Agriculture is also important for maintaining everyone’s food security, and it has the ability to affect the growth of the secondary and tertiary sectors of the economy through its forward and backward connections. However, post-harvest activities such as storage, transportation, and marketing are just as vital as providing the correct inputs and harvesting.
Post-harvesting activities basically include Handling, storage, and processing are examples of technical activities. Transportation, information and communication, and marketing are all economic activities. To boost agricultural productivity, post-harvest technologies, or all treatments or processes that occur from the time of harvesting till the product reaches the client, are becoming more important.
To store and conserve such vast volumes, India currently has a total Agri storage capacity of roughly 91 MMT, with state agencies controlling 41% of the capacity and the rest spread among private entrepreneurs, cooperative societies, farmers, and others.
These government organizations, on the other hand, utilize 66 percent (60 MMT) of India’s total agro storage capacity, which includes 23 MMT of hired capacity. Three public sector agencies, the Food Corporation of India (FCI), the Central Warehousing Corporation (CWC), and the State Warehousing Corporation (SWC), hold a total state-owned storage capacity of 37 MMT (SWC).
The storage capacity available with Government agencies is primarily used for keeping central stock of food grains for the buffer stock, public distribution systems, and other Government schemes, with average buffer stock norms for food grains of around 25 MMT and a peak of 32 MMT in July every year.
India is the world’s largest producer of fruits and the world’s second greatest producer of veggies. The most fundamental method of food preservation is cold storage. The cold storage facilities that are currently available are primarily for a particular item, such as potatoes, oranges, apples, grapes, pomegranates, flowers, and so on, resulting in low capacity utilization.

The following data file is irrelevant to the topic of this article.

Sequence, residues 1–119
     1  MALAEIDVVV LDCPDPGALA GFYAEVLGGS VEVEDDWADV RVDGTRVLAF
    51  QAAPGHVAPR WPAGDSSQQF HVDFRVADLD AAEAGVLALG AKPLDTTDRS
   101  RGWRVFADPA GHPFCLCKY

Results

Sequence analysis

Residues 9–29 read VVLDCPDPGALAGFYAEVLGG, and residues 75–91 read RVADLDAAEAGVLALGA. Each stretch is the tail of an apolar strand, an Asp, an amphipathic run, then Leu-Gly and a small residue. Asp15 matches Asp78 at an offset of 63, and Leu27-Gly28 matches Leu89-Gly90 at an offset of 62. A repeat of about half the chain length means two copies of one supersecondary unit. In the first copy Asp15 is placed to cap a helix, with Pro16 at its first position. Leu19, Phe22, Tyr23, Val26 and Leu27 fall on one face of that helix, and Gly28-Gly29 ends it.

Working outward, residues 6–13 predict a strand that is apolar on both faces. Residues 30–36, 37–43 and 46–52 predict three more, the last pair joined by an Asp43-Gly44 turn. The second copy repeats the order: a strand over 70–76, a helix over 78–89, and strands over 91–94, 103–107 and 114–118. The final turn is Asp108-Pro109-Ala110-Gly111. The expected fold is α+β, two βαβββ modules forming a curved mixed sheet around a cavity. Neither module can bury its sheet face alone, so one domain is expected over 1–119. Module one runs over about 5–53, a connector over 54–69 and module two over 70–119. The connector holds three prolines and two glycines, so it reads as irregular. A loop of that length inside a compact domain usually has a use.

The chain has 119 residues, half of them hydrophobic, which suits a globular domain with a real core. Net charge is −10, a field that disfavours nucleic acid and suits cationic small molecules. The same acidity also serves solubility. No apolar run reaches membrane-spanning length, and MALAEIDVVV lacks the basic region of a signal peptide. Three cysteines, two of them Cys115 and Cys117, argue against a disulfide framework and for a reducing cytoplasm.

A cold storage network is a temperature-controlled supply chain network in which storage and distribution activities are carried out in such a way that the temperature of a product is kept within a specified range, which is required to keep it fresh and edible for much longer than in normal ambient conditions.
This system allows for long-distance transportation of varied products as well as year-round availability of seasonal products. In the next five years, cold storage may be required in excess of 12 lakh tonnes. The production of perishable goods such as fruits, vegetables, meat, poultry, and dairy has increased dramatically in India.
With an annual production rate of 138 million tonnes, it leads the world in milk production and processes more than half of all milk products. It ranks second in the world with 280.4 million tonnes of vegetable production, but only accounts for 6% of overall processing.
The establishment of the NWR system in the country would not only assist farmers in obtaining better credit and avoiding distress sales, but it would also protect financial institutions by reducing the risks associated with extending credit to farmers.
The pledging/collateralization of agricultural produce with a legal backing in the form of NWR would increase credit inflow to rural areas, lower credit costs (due to the certainty of credit recovery by the bank), and spur other agricultural-related activities such as standardization, grading, packaging, and insurance services. The warehouse business would benefit from the rising demand for high-quality storage.
Also Read: Recent Agriculture Schemes By NDA Government